17. Yes, it was many years before I realized the connection.

  18. michael farris says

    “I hope you realize that other words that Americans seem to throw around without thinking too much but are much ruder in the UK”
    Yeah, ‘wanker’ isn’t exactly a compliment in the US but it’s not likely to start fistfights either.
    On the other hand, it seems that c*nt is nowhere near as rude in British usage as it is in the US.

  19. Unfit for Publication says

    RE: Bollix.
    Not really a US version, exclusicly at least. Doubt you’ll find many Irish people unfamilliar with it through such uses as: Ye little bollix ye!

  20. Unfit for Publication says

    Bollocks! (Good thing it’s the item of discussion or that would just look coarse, vulger et-bloody-c.) That should read exclusively.

  21. marie-lucie says

    About the plight of the Japanese translator confused by Mr. Hawke’s colorful language:
    I bet that Mr Hawke is a monolingual English speaker, and as such, does not realize that colloquial vocabulary and expressions are likely to be misunderstood by foreigners who have had enough trouble learning a standard version of his language, let alone becoming familiar with the nuances of every national dialect. Many people think that vocabulary which has down-to-earth, slap-on-the-back, etc connotations is simpler to understand than more neutral, intellectual vocabulary, because they have learned the first one informally and the second formally, through schooling and books. Of course this is not the case at all. Politicians who are going to be communicating with their counterparts in other lands through interpreters should be warned ahead of time to use fairly formal language, since informal usage can often be misinterpreted.

  22. Richard Hershberger says

    “On the other hand, it seems that c*nt is nowhere near as rude in British usage as it is in the US.”
    Indeed. I can’t speak to British English, but in American English “cunt” is very taboo. I know women who wear “bitch” as a badge of honor, but would consider being called a “cunt” unforgiveable.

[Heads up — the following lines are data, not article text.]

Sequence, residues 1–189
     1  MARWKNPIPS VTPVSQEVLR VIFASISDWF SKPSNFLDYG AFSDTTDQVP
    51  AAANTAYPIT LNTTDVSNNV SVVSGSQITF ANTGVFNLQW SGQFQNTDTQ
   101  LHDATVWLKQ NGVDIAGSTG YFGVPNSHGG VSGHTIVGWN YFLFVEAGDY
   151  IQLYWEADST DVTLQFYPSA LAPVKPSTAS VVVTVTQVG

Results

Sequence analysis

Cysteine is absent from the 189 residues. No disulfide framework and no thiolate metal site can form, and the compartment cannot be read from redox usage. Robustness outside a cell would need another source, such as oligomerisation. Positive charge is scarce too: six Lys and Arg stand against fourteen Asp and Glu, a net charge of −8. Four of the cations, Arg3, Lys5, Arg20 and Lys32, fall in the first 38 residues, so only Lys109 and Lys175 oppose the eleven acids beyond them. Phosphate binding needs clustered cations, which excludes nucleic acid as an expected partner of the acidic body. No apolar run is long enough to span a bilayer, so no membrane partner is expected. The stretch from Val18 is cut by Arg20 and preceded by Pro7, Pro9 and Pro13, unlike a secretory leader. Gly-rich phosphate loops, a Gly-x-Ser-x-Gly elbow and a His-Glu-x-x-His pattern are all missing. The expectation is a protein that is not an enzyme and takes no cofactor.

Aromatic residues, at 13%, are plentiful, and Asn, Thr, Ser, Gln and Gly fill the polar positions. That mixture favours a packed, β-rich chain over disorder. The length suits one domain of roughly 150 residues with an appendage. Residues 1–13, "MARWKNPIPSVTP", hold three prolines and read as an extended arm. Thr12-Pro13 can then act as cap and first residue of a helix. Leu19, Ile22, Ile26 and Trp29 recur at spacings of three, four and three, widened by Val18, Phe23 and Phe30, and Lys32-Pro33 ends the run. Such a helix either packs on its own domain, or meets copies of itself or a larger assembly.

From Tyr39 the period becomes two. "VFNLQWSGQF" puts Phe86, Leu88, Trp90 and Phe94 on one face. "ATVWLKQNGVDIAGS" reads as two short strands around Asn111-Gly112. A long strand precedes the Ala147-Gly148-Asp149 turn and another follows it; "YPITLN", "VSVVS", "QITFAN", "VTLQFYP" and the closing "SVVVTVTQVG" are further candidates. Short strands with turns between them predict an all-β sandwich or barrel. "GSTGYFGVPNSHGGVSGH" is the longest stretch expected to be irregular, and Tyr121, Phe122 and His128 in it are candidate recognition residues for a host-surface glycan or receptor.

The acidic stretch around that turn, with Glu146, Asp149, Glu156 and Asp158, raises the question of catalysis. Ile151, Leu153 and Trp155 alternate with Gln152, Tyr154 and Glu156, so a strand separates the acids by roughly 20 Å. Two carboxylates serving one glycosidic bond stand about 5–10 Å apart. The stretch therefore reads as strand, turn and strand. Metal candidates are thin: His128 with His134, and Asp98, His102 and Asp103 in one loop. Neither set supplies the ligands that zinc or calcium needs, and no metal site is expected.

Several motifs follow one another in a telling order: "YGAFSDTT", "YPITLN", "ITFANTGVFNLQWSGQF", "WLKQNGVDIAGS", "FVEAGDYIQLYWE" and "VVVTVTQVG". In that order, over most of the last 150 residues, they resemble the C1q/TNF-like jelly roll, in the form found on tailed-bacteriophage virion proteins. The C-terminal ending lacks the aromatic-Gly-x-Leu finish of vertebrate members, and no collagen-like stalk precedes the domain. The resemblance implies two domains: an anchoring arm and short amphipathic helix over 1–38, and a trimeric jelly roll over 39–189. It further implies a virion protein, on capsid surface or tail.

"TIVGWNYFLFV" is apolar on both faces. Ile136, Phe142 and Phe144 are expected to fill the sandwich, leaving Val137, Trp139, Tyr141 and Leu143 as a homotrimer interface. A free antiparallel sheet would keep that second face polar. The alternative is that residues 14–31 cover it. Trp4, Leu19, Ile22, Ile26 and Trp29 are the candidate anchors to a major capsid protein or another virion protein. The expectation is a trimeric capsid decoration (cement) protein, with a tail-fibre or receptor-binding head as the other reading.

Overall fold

23. This post underlines a serious problem in the UK, where we swear so much that we’re in danger of running out of offensive words and of being offended by anything at all.

  24. Many people think that vocabulary which has down-to-earth, slap-on-the-back, etc connotations is simpler to understand than more neutral, intellectual vocabulary, because they have learned the first one informally and the second formally, through schooling and books.
    When I was teaching English in Taiwan I quite foolishly had the idea of using the sports page of a newspaper as teaching material, just because it’s unintimidating and “down-to-earth”. I was far wrong. First, because few people in Taiwan have the interest in sports that many Americans do. Second, because each sport has its technical vocabulary. But also because sportwriters (even more then than now) use an arcane language full of cliches, dead metaphors, references to earlier sportswriters, ad hoc coinages, and so on.
    Writing about recipes and food, though, was dynamite. I rarely met anyone over there without a passion for food. It’s not a yuppie thing at all.

  25. Terry Collmann says

    The curious thing about “bollix” in Irish English (apart from its metaphorical meaning being “fool” or “contemptible person” rather than “rubbish”, which is the metaphorical use of “bollocks” in British English) is that the word is singular, not plural – which confused me no end when I heard a young Irish lady tell the following joke in Dublin:
    What’s 12 inches long and hangs from a bollix?
    Daniel O’Donnell’s tie.
    (Note for non-British Isles readers: Daniel O’Donnell is a syrupy Irish ballad singer hugely popular with females over 55)

  26. Richard J says

    “Cunt”‘s an odd one. It’s virtually never used to refer to the lady bits, and it’s used very rarely to insult a woman – calling a man a cunt to his face is Defcon 1 in the insult provocation scale. The sotto voce implication is that the man is basically evil in human form. Oddly, calling someone a ‘twat’ isn’t much more than a slightly stronger way of calling them a doofus or twit.

  27. Dude, give the poor interpreter a break!
    Liar’s P*ker has a good two-nations-divided-by-a-common-language moment. An American investment banker asks a British colleague for his opinion of Company X.
    “X? They’re on their uppers,” the Brit replies.
    “Aha! Sounds good!” thinks the Yank, believing this to be synonymous with “on the up and up”, and invests heavily; much heartache and recrimination follows the inevitable crash.
    “On their uppers” means, of course, that they are so desperately poor that they have worn away the soles of their boots and are walking around on the remaining parts – the uppers.

  28. The use of “bollix” in the US leans heavily toward the verb form. Unlike the similar term “botch”, which can appear as either “botch” or “botch up” almost interchangeably, “bollix” tends to be followed by “up” (like “screw up” or “fuck up”, which are distinct from “screw” and “fuck”).
    In the Western US, there was a high-end department store chain called “Bullock’s”, named after founder John G. Bullock. So very nice ladies used to go to Bullock’s on a regular basis on the Left Coast.